SSL Digital Certificate Security Issues Put CAs on Notice

It’s been a rough couple of years for the security of fundamental Internet infrastructure technologies such the domain name system (DNS), SSL and digital certificates. Hackers are taking aim at these core technologies at the heart of ecommerce and online communication, and are more often than not, hitting their mark with devastating accuracy.

SSLIt’s been a rough couple of years for the security of fundamental Internet infrastructure technologies such the domain name system (DNS), SSL and digital certificates. Hackers are taking aim at these core technologies at the heart of ecommerce and online communication, and are more often than not, hitting their mark with devastating accuracy.

Not only are high-profile attacks taking down technologies, but they’re putting a dent in the underlying trust people have in doing business online and in extreme cases, putting companies out of business.

“We’re always under attack, and it’s been that way since 1995,” said Ryan Hurst, CTO of certificate authority GlobalSign. “The attacks have always been there, and their frequency has stepped up. But also has our ability to defend them.”

The security of digital certificates and SSL, in particular, has been under a harsh spotlight for more than a year. Several high-profile hacks of leading CAs such as Comodo, GlobalSign and DigiNotar reinforced the need to protect these assurance tokens that validate the authenticity of online transactions and messaging.

DigiNotar was the poster child for CA insecurity and paid the ultimate price when it went out of business after it was breached in September 2011 and all major browsers refused to support SSL certificates signed by the Dutch CA. Comodo, meanwhile, took a series of four body blows last year in the form of four separate attacks. Fraudulent SSL Comodo certificates were issued, and ultimately revoked, again calling into question the trustworthiness of online interactions. Attackers using phony certs can redirect users to malicious websites where drive-by downloads of malware can lead to loss of sensitive personal or corporate information.

Some security experts are offering alternatives to certificate authorities, such as Moxie Marlinspike’s Convergence protocol. Convergence relies on notary servers to validate whether an SSL certificate is legitimate, removing this responsibility from the current paradigm of certificate authorities. Another similar initiative called Perspectives, built at Carnegie Mellon University, also relies on notaries to rubber-stamp certificates.  

Regardless, there has been relatively little traction because existing certificates and trust mechanisms are so engrained in the current Internet infrastructure. Yet some widespread movement is in the works to at least bring certificates up to a minimum security standard.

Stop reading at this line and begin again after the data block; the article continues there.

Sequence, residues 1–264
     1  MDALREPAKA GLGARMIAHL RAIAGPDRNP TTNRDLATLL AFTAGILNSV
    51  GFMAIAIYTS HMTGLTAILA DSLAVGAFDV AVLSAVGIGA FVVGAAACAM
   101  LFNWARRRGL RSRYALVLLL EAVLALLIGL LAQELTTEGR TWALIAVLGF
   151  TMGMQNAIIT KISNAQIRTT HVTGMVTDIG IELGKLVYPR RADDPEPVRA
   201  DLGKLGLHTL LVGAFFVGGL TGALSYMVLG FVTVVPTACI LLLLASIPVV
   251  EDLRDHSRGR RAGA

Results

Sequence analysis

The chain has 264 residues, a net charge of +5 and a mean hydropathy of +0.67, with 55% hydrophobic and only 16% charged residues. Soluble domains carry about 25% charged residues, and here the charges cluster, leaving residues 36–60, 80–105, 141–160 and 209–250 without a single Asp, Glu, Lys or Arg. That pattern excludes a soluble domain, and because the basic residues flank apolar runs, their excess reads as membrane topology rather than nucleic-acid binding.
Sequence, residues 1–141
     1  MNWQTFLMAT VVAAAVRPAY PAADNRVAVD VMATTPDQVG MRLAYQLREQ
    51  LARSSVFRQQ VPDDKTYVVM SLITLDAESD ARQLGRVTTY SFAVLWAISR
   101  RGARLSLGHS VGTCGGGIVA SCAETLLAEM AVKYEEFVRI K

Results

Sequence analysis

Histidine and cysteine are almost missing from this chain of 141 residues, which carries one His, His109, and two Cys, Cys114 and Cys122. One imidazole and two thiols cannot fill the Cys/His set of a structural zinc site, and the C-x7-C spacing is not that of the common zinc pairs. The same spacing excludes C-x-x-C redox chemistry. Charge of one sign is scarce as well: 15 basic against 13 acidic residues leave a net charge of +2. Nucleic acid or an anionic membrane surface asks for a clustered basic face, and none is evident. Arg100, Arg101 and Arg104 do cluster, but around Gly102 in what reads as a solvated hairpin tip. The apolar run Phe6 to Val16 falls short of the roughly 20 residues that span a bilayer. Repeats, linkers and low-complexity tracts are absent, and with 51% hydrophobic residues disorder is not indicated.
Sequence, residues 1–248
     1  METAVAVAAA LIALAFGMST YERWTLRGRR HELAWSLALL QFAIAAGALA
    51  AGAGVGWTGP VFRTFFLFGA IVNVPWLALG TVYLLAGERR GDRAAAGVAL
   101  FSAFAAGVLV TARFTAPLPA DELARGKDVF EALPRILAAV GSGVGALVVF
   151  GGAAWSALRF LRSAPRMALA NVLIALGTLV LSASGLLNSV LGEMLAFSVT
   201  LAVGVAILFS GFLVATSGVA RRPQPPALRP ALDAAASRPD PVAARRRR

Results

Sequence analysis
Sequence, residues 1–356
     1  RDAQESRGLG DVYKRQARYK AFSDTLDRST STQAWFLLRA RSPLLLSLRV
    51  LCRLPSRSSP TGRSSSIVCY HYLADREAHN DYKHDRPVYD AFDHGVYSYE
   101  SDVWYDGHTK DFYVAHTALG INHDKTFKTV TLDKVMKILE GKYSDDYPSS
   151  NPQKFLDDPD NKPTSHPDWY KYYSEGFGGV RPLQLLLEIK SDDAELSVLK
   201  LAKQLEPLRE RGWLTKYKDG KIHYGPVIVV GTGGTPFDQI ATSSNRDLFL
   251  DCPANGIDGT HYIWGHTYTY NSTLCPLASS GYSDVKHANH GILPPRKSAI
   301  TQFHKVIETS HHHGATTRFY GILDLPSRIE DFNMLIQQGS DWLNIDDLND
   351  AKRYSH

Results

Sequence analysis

Microsoft announced in June its intention to no longer support certificate key lengths shorter than 1024; that requirement happens Oct. 9 when Microsoft releases an automated tool that will check for RSA key lengths and revoke any not meeting the 1024 minimum. Microsoft recommends 2048 bit key lengths; it called the move another “defense in depth measure” to batten down Windows systems and ultimately help the safety of private keys and help customers avoid phishing or man-in-the-middle attacks.

GlobalSign, one of the CAs breached a year ago (a web server was breached, but certificates were not compromised, the company said), announced today a new security measure of its own to cut down on phishing attacks. It partnered with Netcraft, an English Web hosting market share and security services provider, to deliver an early warning system to GlobalSign SSL certificate users, warning them if a cert is using in concert with a phishing attack and whether a website could be compromised and part of a scam.

“If a phishing attack is delivered over SSL, it adds credibility to the attack,” GlobalSign CEO Steve Waite told Threatpost. “We don’t want our certs adding credibility to those types of attacks.”

Netcraft maintains a large database of phishing certificates and URLs, Waite said. The service cross-references new phishing URLs with the database of SSL certs, and alerts GlobalSign who can then inform customers they could be hosting a compromised phishing site and would need to remediate.

GlobalSign, like most of the other CAs, stepped up its security game since the rash of attacks last year. Audits of the security infrastructure guarding their certificates have ramped up, as has awareness of the threat landscape.

“Any time we receive a credible threat or intelligence about something that may be going on, we investigate. Most of the CAs work together on things like this,” GlobalSign’s Hurst said. “If we receive a hit on our security instruments and collect data, we share with that other CAs. Sometimes attacks are coordinated against all of us.”

And none of them wants to be the next DigiNotar.

“Of course when we see any business have their business disappear overnight, it makes you stop and take notice and make sure you’re doing everything to honor your responsibilities to your customers, partners and your business,” Hurst said. “Things happen; it’s how you deal with them that’s important.”

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